Two Days Since

2013-10-29

Because at least one reader pressed the question, I am here to provide an answer.


What have the stink bugs done to you in your life that has you so wrapped around the axle?

It has been two days since the last stink bug was found. Over the past month we have located and excused about one stink bug per day from Bernadette. Where do they hide? Who knows; nooks, crannies, vents, sills. We typically spot the contemptible creatures sitting idly on some random wall or ceiling, seemingly begging for sweet, sweet death.

Our first encounter with stink bugs was near Pittsburgh. At the time, we thought "that's a quaint anomaly of western Pennsylvania." You know, like the smokers. With hindsight, we now recognize that our encounter with stink bugs remains ongoing.

Having now cohabitated with the buggers for a month, I have grown to appreciate a few things about stink bugs. One of my favorite traits is that they are stupid; the imbeciles of the insect world. A stink bug lacks the creative escape art of, say, a spider, or even the recognition of the need to escape that you would see in an ant. Stink bugs' evolutionary path apparently favored development of foul-goo glands instead of brains.

The other redeeming characteristic of stink bugs is that they are slow. It is not even that they are slow, per se, it is that they just do not hustle. As a former New Yorker, I relate stink bugs to the oblivious, dawdling tourists who stop in the middle of the sidewalk for no apparent reason and weave strange, slow vectors when they walk which give the impression of intent even though you know there is none (because they are tourists). Even when in full pursuit, a stink bug can only manage a leisurely stroll.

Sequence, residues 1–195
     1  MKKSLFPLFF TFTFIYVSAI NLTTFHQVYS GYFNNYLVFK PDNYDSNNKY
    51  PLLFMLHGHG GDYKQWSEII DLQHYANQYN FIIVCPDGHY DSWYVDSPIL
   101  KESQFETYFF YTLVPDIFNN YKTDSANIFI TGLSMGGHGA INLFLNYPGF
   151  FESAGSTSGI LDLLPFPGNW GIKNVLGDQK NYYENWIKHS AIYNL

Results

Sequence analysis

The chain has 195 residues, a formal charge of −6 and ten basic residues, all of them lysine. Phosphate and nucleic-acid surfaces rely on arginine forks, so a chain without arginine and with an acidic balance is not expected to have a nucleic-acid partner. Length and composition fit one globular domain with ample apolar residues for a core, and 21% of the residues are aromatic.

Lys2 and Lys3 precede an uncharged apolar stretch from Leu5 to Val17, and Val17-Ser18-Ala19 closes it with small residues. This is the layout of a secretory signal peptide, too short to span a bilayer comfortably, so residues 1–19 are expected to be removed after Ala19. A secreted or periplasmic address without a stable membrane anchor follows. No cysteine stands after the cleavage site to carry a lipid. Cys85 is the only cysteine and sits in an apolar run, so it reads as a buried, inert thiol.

In combination, the stupid and slow stink bugs are easy to apprehend (unless they decide to fly, which they typically do not because they are stupid). It is for this reason only that I have not brought the cleansing escape of fire to Bernadette.

When a stink bug is encountered, the following procedure is followed:

  1. The most manly of our tribe (me) is notified of the stink bug's unwelcome presence.
  2. The supreme manly-man acquires a stink bug eradication device -- typically a loose sheet of paper.
  3. With manly grace, the stupid, slow stink bug is coaxed onto eradication device (paper).
  4. Stink bug is escorted to the door.
  5. With a quick flicking motion, stink bug is ejected from eradication device and premises.
  6. Weather and footwear permitting, the stink bug is smashed, by foot, into oblivion as punishment for its insolence and as a step toward the proper and virtuous eradication of their species from the North American continent.

We will be having a cake party on the seventh day after the last stink bug sighting.

Posted 2013-10-29 by Pete Grayson in misc.
life-on-the-road